'Lockdown has been even worse for domestic abuse victims' - Refuge patron Cherie Blair

Cherie Blair QC appeared on Good Morning Britain to discuss the impact of lockdown on those suffering domestic abuse. Cherie, who is a patron of domestic abuse charities including Refuge, said that for victims of abuse, lockdown had made their situation worse. 

She told GMB: “I think we have to realise that people in abusive relationships actually have been locked down well before this lockdown and will continue to be locked down…Day after day the abusive relationship essentially controls and prevents them from doing what they want to do. 

“There is no doubt at all, of course, that for most [of these] people before lockdown there were avenues of escape… you could go out to work, you could take the children to school, you could go whilst you abuser was at work, and visit friends, you could access services that were available… suddenly, you’re trapped 24 hours a day, seven days a week, with someone who is already abusing you. The consequences are obvious, aren’t they?”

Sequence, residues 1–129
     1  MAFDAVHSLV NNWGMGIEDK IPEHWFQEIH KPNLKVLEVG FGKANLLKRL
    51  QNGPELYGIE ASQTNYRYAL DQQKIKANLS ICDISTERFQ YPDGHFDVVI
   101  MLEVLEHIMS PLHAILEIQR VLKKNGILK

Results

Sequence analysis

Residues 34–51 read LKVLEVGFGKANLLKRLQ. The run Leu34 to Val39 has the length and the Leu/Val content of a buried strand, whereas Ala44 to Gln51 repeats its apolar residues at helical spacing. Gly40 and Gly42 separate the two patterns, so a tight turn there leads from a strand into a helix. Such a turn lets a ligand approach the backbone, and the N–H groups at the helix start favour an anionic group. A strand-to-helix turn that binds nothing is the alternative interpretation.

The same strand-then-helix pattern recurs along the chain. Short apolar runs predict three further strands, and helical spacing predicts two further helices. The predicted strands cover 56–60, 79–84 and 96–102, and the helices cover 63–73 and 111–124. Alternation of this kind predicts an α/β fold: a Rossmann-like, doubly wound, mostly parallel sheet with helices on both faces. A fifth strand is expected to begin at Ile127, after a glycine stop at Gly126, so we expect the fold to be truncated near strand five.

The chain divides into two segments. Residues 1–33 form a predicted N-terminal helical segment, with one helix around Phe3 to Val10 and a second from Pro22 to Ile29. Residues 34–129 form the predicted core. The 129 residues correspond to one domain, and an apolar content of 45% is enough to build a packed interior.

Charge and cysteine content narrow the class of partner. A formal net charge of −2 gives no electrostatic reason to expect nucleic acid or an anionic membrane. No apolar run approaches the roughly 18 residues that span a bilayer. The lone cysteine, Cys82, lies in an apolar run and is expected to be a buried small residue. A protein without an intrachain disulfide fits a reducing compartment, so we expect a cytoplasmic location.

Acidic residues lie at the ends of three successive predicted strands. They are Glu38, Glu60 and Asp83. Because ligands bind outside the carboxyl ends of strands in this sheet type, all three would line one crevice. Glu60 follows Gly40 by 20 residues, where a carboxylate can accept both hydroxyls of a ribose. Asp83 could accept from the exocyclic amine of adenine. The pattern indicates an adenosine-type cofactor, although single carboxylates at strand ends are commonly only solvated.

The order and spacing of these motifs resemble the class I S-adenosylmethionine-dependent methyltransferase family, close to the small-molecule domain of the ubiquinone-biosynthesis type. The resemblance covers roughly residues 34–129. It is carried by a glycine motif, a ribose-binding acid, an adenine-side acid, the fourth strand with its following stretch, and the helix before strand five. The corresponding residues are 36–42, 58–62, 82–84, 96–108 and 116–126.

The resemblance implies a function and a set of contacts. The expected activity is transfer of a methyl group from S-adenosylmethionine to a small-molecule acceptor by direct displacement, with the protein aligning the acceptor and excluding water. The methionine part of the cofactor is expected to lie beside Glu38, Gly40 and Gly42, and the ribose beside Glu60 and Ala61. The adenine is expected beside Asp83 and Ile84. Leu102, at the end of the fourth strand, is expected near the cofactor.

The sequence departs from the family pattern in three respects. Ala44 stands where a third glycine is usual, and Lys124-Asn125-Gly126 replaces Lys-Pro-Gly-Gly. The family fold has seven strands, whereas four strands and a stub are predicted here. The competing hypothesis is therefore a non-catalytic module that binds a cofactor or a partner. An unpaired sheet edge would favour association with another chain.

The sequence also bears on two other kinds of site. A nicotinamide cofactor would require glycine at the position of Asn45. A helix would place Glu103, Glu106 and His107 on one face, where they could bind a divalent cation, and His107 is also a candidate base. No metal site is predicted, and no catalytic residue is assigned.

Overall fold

Cherie was asked whether the government had been too slow to react during lockdown. “To be fair on the government, they did announce some additional funding for the helplines and for services that were being provided to the survivors of domestic abuse,” she said. “The problem really wasn’t so much the temporary money they gave then, the problem was, over these last ten years or so of austerity, the slow gradual decline in the services, in the money available for refuges, for the other services.

“There are ways of better making the future better, and part of those ways are reflected in the bill that is about to go into the House of Lords for its final legislative stages before passing into law.” She explained that this bill also recognises the impact that domestic violence had on children. “We actually need to remember that children also need specialist services so that they can come out from experiences where they have seen, usually their mother, being violently treated, and that has on them a long term effect.” 

Cherie was also asked whether her husband, former Prime Minister Tony Blair, had improved his cooking skills during lockdown. “He has taken to reading cookery books,” she said. “At the moment he is just saying, ‘I like the sound of that’ but he is expressing an interest in possibly doing a bit of cooking.” 

If you need help or advice you can see several domestic abuse helplines here.